The article goes on to describe the building in great technical detail, a portion of which follows:
“The new building, though not very large in size is well arranged and well lighted on all sides. The style of architecture is Gothic, late in the early English period. The plan comprises a nave 63ft. by 29ft., capable of accommodating about 300 persons; a chancel, with an apsidal termination (which is not yet, built), 26ft. by 14ft; and sacristy, I6ft. by 14ft. The building stands due east and west, and has on the north side a porch 11ft. by 10ft. At the north-west angle of the nave an octagonal turret is, carried up for a belfry. At present it is only built high enough to clear the coping on the nave gable, and is there covered over with a temporary roof….. At the west end, are two handsome two-light windows with traceried heads, and a circular window above filled with tracery, the whole being connected by a cusped label mould, running round the window heads across the entire gable. The entrance doorway in porch, is deeply recessed and moulded. The roofs are slated, and are open internally to the ridge, supported on arched principals, springing from moulded corbels built in the wall, The roofs are of Oregon pine throughout. The chancel arch is deeply cut and moulded, and springs from semi-octagonal piers having moulded caps and bases. The opening is 25ft. by 16 ft. in the clear, and is, for want of funds, temporarily enclosed by a wooden structure which forms a quasi chancel”.
“The church…is built of brown stone from Derwent Park quarry, relieved by Kangaroo Point white stone, ….The contract for erection of the edifice was taken by Mr. P. Cronly, who has faithfully carried out the work, from the design and under the immediate supervision of Mr. Henry Hunter,…”.
“The altar and screen at back of same, together, with other fittings, are those which have been for so many years in use in the Catholic Chapel at the Queen’s Asylum, and which have been generously handed over to Father Henneby by the hon. the Colonial Secretary”.
Sacred Heart was finally completed with the construction of the sanctuary which was consecrated on Sunday 16 January 1882:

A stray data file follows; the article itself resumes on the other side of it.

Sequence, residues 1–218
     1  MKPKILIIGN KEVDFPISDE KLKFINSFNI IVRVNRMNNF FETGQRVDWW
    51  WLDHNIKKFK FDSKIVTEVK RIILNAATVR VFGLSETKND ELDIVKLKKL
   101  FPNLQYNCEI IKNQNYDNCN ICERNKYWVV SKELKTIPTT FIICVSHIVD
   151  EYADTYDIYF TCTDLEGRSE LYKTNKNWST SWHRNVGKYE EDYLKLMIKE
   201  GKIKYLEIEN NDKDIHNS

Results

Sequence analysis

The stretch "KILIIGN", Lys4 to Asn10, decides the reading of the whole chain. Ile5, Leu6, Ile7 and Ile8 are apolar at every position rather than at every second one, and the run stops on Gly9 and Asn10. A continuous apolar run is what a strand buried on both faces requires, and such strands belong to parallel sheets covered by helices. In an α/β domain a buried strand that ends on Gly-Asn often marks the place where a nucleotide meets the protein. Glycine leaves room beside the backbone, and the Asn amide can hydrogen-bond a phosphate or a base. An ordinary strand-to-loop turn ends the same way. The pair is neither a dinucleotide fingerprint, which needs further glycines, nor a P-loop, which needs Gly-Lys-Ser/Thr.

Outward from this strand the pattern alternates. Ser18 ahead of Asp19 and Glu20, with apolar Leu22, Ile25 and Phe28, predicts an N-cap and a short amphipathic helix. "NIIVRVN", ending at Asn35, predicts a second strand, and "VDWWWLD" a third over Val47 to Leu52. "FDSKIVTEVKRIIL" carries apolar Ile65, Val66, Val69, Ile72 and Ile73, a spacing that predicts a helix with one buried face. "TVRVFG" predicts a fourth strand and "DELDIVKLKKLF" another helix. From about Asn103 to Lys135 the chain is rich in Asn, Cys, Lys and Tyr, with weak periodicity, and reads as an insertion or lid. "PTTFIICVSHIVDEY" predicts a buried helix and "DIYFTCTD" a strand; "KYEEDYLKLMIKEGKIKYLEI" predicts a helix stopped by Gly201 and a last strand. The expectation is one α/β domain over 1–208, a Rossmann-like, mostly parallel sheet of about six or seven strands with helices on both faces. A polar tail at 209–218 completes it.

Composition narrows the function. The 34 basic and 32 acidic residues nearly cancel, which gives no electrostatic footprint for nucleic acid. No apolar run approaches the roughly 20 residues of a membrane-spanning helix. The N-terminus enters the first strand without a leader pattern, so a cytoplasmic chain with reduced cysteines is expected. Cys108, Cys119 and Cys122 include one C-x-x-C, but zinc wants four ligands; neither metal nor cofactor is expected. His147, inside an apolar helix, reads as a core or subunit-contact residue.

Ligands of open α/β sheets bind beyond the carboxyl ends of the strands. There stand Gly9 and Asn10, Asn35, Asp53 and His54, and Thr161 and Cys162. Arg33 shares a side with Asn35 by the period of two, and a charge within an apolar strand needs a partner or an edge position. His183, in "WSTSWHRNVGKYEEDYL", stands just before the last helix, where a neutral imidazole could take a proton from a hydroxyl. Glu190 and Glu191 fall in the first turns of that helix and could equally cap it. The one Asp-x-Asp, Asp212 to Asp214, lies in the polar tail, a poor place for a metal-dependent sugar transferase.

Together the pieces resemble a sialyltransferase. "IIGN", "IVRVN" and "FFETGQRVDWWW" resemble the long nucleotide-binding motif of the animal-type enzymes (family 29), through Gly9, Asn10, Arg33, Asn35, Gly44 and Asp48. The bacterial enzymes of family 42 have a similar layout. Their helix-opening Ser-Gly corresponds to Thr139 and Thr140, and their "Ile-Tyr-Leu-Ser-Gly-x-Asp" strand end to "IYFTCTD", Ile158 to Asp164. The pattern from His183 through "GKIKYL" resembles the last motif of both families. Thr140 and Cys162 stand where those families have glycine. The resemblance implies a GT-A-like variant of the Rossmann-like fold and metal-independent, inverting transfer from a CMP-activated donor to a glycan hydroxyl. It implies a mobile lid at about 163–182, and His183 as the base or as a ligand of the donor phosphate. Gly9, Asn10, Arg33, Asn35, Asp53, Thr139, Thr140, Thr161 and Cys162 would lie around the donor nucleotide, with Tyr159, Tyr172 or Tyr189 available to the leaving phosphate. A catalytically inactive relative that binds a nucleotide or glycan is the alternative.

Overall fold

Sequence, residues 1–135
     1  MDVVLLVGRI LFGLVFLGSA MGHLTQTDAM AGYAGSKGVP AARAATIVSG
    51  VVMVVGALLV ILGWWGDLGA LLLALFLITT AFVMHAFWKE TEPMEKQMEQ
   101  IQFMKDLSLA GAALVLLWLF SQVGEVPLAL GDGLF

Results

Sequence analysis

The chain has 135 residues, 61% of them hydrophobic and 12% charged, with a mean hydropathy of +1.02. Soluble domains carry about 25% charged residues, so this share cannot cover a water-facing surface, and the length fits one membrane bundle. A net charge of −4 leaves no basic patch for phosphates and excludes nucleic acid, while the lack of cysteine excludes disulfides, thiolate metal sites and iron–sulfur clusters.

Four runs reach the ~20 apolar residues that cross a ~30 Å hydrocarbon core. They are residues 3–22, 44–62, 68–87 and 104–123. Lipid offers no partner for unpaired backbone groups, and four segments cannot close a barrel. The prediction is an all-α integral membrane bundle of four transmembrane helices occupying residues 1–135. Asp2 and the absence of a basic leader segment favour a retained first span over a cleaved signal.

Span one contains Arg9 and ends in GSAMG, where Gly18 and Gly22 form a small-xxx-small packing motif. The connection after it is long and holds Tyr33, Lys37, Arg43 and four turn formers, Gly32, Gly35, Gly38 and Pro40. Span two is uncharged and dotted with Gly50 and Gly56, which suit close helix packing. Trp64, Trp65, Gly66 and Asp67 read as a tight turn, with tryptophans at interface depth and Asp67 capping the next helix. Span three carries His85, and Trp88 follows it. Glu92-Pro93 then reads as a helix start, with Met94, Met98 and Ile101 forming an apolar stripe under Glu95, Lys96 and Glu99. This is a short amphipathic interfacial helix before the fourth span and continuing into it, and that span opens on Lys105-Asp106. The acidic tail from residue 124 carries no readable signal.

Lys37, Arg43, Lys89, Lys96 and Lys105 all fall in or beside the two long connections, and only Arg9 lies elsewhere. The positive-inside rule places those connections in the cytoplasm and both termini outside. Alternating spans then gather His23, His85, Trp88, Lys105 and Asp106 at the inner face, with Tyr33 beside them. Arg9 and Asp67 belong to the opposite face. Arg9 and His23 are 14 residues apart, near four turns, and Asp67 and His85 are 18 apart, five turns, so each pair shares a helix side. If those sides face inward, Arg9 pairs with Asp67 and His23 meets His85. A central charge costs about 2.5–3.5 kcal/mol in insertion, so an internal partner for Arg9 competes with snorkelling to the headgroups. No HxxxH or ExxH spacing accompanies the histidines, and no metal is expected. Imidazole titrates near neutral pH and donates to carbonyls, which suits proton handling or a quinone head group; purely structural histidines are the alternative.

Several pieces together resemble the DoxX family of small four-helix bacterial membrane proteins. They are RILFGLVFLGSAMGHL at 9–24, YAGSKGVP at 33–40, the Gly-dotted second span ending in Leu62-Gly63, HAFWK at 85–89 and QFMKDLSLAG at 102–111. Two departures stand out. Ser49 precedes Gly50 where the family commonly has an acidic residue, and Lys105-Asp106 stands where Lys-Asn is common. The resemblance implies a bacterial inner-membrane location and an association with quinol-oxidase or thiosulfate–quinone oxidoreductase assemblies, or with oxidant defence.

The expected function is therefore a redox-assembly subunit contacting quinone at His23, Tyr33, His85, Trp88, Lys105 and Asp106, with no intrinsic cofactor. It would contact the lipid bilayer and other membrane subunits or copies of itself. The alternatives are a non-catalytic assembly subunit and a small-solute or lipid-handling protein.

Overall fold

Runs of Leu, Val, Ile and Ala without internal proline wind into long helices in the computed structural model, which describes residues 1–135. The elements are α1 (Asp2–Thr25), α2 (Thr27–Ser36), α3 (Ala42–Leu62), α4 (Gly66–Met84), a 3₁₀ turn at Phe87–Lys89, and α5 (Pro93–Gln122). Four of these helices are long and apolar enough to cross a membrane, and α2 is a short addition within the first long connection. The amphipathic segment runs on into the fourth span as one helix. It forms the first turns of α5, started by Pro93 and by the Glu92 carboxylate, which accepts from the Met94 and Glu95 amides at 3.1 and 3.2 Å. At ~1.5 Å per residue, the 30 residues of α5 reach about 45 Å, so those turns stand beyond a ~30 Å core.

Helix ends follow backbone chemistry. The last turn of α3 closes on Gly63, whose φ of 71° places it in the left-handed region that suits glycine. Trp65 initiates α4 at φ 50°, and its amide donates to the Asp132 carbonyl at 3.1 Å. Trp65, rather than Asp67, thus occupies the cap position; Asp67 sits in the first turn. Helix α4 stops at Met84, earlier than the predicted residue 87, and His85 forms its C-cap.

“The lately erected sanctuary of the Church of the Sacred Heart, New Town, was, yesterday morning, consecrated and opened for the celebration of Mass,… The sanctuary, which has been erected under the supervision of the architect, Mr. Henry Hunter, is in dimension 18ft. by 22ft., the height of the walls being 19ft.. Attached to it on the south-west side is a sacristy 16ft. by 14ft., both erections being plastered and completely finished, making the church a commodious and handsome building, excellently suited to the sacred purposes for which it has been erected. The altar window, most generously presented to the church by Mrs. John Young and her son, Mr. John Clay Young, depicts in rich colours the Three Mysteries—the Nativity, the Crucifixion, and the Resurrection, and is from the establishment of Messrs. Ashwin and Faulkner, of Sydney, the well-known glass-stainers, the capability of the firm being testified to by the fact that Mr. Ashwin prepared, when in London, a stained window for Westminster Abbey. The window is noticeable for the richness of its colours, and is a feature of the building of which its congregation has reason to be proud. It cost the sum of £100”.
Sacred Heart Church has long been connected with the school that now surrounds it. The foundation stone for the first dedicated building of Sacred Heart School was laid in 1887. The school was blessed and opened in 1888 and teaching was conducted by dedicated Catholic lay teachers until 1908 with the arrival of the Sisters of St Joseph of the Sacred Heart of Jesus.
Mercury, Monday 4 February 1878, page 2
Tribune, Tuesday 5 February 1878, page 3
Mercury, Monday 19 January 1880, page 3
Mercury, Monday 16 January 1882, page 3
Mercury, Tuesday 1 February 1938, page 9